This is “Developing Your Personal Decision-Making Skills”, section 11.4 from the book Management Principles (v. 1.0).
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Doctors routinely perform postmortems to understand what went wrong with a patient who has died. The idea is for everyone to learn from the unfortunate outcome so that future patients will not meet a similar fate. But, what if you could avoid a horrible outcome before it happened by identifying project risks proactively—before your project derails? Research suggests that the simple exercise of imagining what could go wrong with a given decision can increase your ability to identify reasons for future successes or failures by 30%.Mitchell, D. J., Russo, J., & Pennington, N. (1989). Back to the future: Temporal perspective in the explanation of events. Journal of Behaviorial Decision Making, 2, 25–38. A “premortem” is a way to imagine and to avoid what might go wrong before spending a cent or having to change course along the way.Breen, B. (2000, August). What’s your intuition? Fast Company, 290; Klein, G. (September 2007). Performing a project premortem. Harvard Business Review, 18–19; Klein, G. (2003). The power of intuition: How to use your gut feelings to make better decisions at work. New York: Random House; Pliske, R., McCloskey, M., & Klein, G. (2001). Decision skills training: Facilitating learning from experience. In E. Salas & G. Klein (Eds.), Linking expertise and naturalistic decision making 37–53. Mahwah, NJ: Lawrence Erlbaum.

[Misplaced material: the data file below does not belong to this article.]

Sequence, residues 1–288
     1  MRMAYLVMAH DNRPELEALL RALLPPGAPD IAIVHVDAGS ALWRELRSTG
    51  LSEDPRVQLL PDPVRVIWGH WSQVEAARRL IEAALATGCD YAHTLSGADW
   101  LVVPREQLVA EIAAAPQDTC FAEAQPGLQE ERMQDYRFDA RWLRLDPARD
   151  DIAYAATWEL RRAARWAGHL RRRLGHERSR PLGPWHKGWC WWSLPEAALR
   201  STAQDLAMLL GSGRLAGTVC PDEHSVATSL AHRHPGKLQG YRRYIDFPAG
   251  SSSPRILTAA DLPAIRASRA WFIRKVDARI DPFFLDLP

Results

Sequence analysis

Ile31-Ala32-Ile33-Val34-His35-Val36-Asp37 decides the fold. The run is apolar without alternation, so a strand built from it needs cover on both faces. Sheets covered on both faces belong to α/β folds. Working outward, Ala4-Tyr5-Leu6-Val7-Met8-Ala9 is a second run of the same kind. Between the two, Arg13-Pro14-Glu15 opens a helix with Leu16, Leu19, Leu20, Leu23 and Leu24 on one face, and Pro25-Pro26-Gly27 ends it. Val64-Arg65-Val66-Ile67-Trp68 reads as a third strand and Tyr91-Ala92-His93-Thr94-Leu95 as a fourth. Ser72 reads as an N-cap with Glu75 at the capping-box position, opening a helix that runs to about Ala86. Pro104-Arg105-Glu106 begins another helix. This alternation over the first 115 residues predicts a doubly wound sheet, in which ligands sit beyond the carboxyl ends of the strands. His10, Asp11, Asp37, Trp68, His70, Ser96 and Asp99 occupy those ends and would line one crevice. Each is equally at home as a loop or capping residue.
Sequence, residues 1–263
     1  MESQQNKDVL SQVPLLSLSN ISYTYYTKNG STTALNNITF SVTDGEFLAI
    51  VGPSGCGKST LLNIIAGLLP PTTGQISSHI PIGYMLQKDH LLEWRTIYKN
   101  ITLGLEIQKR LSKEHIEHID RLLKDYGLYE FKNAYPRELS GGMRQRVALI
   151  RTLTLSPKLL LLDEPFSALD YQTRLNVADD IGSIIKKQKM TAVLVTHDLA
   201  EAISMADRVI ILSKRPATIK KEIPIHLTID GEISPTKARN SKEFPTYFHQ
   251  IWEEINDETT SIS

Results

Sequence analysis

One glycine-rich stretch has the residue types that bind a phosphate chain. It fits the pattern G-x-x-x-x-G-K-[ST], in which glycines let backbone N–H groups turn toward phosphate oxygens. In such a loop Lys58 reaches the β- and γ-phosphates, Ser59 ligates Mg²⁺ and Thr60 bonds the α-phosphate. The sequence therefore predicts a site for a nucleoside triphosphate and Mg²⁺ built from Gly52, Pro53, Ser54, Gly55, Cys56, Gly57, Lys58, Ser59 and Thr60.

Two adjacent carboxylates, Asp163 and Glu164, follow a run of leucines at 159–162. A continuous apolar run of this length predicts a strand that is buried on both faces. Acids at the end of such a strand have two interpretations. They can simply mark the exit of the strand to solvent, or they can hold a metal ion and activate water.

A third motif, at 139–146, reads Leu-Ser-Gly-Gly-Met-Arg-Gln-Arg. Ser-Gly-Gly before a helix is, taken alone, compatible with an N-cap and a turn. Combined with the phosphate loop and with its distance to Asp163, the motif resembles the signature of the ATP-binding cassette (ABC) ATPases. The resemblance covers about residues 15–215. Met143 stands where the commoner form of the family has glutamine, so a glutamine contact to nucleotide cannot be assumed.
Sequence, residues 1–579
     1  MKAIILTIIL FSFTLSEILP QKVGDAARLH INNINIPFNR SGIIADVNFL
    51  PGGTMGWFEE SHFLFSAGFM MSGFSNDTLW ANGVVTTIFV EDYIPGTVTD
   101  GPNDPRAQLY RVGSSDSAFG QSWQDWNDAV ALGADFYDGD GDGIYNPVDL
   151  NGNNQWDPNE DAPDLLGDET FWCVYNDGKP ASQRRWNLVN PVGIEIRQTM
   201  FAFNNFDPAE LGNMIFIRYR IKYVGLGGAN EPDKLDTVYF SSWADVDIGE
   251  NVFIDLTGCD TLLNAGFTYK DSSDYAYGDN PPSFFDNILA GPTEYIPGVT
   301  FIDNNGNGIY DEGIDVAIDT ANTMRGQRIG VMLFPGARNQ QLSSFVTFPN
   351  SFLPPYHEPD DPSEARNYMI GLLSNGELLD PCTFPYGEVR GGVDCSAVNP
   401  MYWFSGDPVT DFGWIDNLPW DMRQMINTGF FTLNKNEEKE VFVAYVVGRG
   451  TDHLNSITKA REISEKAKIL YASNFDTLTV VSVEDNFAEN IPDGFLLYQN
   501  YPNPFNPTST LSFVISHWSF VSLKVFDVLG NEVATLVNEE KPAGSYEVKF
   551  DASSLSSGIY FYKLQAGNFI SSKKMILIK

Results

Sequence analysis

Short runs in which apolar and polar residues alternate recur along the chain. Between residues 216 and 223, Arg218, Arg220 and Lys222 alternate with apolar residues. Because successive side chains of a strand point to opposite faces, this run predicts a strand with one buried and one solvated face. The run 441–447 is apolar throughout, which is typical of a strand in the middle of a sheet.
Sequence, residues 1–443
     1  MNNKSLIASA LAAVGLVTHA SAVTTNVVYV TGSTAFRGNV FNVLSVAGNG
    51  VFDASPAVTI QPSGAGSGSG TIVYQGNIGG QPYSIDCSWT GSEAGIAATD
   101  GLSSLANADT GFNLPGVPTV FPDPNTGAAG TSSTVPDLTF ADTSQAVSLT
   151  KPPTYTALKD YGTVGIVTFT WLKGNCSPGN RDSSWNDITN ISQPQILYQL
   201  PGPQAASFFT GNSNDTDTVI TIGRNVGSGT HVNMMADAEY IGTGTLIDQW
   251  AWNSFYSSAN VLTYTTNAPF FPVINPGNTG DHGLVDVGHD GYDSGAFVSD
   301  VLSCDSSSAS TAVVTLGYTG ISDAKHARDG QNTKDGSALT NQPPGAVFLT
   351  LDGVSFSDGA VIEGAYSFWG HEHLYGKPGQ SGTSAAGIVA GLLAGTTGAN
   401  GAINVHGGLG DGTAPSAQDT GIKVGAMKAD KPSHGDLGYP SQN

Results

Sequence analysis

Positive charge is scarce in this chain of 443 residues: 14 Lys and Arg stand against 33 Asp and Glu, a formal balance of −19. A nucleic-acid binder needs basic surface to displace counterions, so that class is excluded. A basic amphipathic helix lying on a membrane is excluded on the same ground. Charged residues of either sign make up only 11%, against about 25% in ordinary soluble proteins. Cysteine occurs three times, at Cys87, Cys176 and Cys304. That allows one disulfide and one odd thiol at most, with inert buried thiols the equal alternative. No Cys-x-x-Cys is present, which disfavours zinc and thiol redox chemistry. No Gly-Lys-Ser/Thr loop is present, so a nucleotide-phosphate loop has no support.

Gary Klein, an expert on decision making in fast-paced, uncertain, complex, and critical environments, recommends that decision makers follow this six-step premortem process to increase their chances of success.
The premortem technique allows groups to truly delve into “what if” scenarios. For example, in a premortem session at a Fortune 50 company, an executive imagined that a potential billion-dollar environmental sustainability project might fail because the CEO had retired.
There are a number of ways to learn about decision making that can help make you more effective. If the decision is important, conduct a premortem to anticipate what might go wrong. When a decision is going to involve others, be proactive in getting them to buy in before the decision is made. Individuals and groups can suffer from decision-making traps and process losses. Understanding that you can spot and avoid these traps is important in helping to make you a more effective manager.